I made an AFA (adverse facts available) prediction probably 6 or 7 weeks ago. All of my colleagues who were following this case (inside my firm and outside my firm) agreed.


You keep factual out of your description. The simple point that Boeing does not produce a competing frame to the CS100 should have blown this case. The arbitrary definition of a 100 to 150 passenger size range, therefore putting a CS100 and 737 in the same size range, shows that this decision was prearranged.


You're discussing an issue that is not relevant to Commerce. Whether there is a competing like product is the question for the USITC, not Commerce.
 
bigjku
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Re: U.S. Dept of Commerce backs Boeing in dispute with Bombardier

Sat Oct 14, 2017 12:08 pm

thumper76 wrote:
I don't know.... Maybe a company can on multiple occasions sell their aircraft below cost (united of course not being an example) to ensure a rival can not get the sale. Please do not confuse this with launch pricing. It is very beneficial by the way being one of the duopoly members. For some reason they can sell below cost but not a new entrant. If you think that is funny you need to do some self study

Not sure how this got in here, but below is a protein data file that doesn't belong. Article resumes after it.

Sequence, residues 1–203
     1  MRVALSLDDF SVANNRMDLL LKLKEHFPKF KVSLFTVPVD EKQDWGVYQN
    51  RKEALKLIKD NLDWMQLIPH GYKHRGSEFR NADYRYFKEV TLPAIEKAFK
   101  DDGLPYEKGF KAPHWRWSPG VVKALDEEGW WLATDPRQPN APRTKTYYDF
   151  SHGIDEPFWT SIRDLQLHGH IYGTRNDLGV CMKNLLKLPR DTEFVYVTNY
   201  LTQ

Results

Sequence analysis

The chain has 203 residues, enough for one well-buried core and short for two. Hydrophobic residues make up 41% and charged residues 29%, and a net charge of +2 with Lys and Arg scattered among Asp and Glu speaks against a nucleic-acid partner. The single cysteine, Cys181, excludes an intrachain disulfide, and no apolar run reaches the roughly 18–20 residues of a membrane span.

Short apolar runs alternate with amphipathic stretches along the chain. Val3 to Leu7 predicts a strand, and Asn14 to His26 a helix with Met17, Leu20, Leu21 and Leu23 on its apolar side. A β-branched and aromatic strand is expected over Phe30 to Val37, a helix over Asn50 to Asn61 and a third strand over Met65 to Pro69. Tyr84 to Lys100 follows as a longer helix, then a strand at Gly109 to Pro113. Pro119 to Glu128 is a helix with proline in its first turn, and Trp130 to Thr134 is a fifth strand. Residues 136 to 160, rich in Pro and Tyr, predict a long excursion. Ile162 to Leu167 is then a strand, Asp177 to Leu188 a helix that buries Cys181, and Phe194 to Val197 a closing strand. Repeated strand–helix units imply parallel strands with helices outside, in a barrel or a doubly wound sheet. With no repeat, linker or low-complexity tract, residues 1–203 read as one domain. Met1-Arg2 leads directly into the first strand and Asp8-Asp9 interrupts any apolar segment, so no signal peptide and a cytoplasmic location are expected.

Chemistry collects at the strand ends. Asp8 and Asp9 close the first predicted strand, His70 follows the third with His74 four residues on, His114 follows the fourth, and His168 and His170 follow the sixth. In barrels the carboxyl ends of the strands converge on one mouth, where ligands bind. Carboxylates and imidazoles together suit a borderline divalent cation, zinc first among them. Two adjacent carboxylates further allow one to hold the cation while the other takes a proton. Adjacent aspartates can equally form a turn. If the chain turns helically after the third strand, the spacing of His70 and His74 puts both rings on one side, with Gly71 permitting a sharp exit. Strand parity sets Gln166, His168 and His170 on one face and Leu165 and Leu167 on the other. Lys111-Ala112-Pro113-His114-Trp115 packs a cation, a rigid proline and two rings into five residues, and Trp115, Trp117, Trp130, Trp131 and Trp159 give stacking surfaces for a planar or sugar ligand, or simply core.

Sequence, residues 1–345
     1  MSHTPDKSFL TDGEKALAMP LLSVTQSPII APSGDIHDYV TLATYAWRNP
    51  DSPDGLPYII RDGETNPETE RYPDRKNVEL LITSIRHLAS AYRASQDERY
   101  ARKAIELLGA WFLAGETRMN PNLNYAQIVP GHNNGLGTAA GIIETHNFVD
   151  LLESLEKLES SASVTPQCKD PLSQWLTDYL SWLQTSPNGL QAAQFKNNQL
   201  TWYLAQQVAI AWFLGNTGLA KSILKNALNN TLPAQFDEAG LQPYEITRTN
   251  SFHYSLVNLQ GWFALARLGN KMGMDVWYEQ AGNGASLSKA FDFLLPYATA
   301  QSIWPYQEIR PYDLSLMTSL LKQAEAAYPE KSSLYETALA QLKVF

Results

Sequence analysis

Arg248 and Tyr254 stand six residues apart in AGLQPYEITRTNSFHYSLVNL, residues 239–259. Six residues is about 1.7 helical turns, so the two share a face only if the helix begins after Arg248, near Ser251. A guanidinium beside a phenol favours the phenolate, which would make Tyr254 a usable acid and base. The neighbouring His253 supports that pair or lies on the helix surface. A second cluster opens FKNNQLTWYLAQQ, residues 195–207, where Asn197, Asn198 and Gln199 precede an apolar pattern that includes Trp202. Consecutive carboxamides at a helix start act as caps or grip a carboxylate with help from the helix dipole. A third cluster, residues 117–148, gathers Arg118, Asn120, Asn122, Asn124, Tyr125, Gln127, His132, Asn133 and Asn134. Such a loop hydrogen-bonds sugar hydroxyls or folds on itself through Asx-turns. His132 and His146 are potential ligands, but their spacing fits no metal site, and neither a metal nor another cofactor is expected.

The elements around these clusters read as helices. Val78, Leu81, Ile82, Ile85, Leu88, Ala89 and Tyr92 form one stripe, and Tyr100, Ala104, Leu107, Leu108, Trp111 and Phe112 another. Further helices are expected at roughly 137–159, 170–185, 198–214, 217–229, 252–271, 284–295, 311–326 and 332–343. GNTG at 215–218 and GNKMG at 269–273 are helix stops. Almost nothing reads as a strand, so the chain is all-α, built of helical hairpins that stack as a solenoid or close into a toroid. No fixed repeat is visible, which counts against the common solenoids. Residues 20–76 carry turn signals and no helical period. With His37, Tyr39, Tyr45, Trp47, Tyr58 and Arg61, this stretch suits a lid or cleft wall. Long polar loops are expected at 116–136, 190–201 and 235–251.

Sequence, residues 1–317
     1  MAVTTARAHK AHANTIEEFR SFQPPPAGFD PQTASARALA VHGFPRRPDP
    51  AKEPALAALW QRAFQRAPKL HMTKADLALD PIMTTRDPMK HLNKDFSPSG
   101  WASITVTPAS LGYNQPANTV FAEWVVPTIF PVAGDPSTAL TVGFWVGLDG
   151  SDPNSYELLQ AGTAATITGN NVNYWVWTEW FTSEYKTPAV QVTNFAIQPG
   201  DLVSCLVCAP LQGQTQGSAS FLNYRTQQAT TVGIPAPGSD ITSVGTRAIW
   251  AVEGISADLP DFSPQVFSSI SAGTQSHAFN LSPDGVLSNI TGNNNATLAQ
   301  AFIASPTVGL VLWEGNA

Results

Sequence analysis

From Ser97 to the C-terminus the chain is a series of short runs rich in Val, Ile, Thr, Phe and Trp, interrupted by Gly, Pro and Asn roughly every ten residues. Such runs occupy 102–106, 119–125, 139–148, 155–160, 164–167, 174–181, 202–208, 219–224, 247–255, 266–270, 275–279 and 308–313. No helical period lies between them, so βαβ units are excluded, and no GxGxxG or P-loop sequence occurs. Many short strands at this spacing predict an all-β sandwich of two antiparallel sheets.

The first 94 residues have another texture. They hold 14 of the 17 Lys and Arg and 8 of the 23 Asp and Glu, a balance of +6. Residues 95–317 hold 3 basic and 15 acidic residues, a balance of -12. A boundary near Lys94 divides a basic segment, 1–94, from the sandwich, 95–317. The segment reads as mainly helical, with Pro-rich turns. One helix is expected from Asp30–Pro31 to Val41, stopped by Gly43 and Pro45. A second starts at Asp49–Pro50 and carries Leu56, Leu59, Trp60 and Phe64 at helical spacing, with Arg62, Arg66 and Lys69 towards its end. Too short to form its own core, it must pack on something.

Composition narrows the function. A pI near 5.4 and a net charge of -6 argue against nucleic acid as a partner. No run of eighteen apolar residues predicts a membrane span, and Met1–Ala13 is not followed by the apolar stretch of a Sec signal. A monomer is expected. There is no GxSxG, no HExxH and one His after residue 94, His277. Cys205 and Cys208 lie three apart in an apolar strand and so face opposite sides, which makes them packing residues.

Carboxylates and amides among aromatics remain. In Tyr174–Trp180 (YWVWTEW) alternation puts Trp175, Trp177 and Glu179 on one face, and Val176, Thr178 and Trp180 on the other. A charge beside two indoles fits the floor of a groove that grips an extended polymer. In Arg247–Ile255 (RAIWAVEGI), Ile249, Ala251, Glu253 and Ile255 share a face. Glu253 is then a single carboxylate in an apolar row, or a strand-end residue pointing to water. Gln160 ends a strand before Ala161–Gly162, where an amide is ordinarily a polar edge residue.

I don’t think the situation is funny. Stupid decisions by BBD have put huge numbers of their employees at risk. That isn’t funny. I grew up where Learjet was a major player in employment. I don’t want BBD to collapse. But let’s summarize some of your points and explain why you are wrong.

1. Everyone gets subsidies- While this may be true to some degree there are key factors here that make it quite different that you continue to ignore.

The real key in the decision seems to be the fact that BBD wasn’t credit or equity worthy when it got the money. That is what you don’t seem to get when to rant about the duopoly. Airbus and Boeing are both credit worth and equity worthy. Thus I believe the discussions around Airbus launch aid in particular generally revolves around how the terms of that aid vary from what they could get commercially.